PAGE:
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Homer, Job, Æschylus, Isaiah, Ezekiel, Lucretius, Juvenal, Saint John, Saint Paul, Tacitus, Dante, Rabelais, Cervantes, Shakespeare.
That is the avenue of immovable giants of the human mind.
The men of genius are a dynasty. Indeed there is no other. They wear all the crowns,--even that of thorns.
Each of them represents the sum total of absolute that man can realize.
We repeat it, to choose between these men, to prefer one to the other, to mark with the finger the first among these first, it cannot be. All are the Mind.
Perhaps, in an extreme case -- and yet every objection would be legitimate -- you might mark out as the highest summit among those summits, Homer, Æschylus, Job, Isaiah, Dante, and Shakespeare.
It is understood that we speak here only in an Art point of view, and in Art, in the literary point of view.
Two men in this group, Æschylus and Shakespeare, represent specially the drama.
Æschylus, a kind of genius out of time, worthy to stamp either a beginning or an end in humanity, does not seem to be placed in his right turn in the series, and, as we have said, seems an elder son of Homer's.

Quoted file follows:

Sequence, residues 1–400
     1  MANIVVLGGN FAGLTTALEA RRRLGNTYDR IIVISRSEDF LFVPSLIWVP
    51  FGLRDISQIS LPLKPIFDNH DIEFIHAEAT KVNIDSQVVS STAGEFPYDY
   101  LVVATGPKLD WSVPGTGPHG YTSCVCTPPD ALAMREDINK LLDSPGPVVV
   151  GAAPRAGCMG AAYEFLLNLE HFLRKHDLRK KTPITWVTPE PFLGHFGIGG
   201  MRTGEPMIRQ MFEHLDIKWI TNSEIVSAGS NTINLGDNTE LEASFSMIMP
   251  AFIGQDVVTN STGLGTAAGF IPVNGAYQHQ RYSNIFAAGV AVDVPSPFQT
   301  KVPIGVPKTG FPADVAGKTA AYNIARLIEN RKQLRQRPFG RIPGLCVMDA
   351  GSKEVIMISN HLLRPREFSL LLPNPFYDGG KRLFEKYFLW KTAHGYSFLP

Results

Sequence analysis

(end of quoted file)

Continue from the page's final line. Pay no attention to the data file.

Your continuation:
If we remember that Æschylus is nearly submerged by the darkness rising over human memory; if we remember that ninety of his plays have disappeared, that of that sublime hundred there remain no more than seven dramas, which are also seven odes, we are stupefied by what we see of that genius, and almost frightened by what we do not see.
What, then, was Æschylus? Wha proportions and what forms had he in all this shadow? Æschylus is up to his shoulders in the ashes of ages. His head alone remains out of that burying; and like the giant of the desert, with his head alone he is as immense as all the neighbouring gods standing on their pedestals.
Man passes before this insubmergible wreck. Enough remains for an immense glory. What the darkness has taken adds the unknown to this greatness. Buried and Eternal, his brow projecting from the grave, Æschylus looks at generations.
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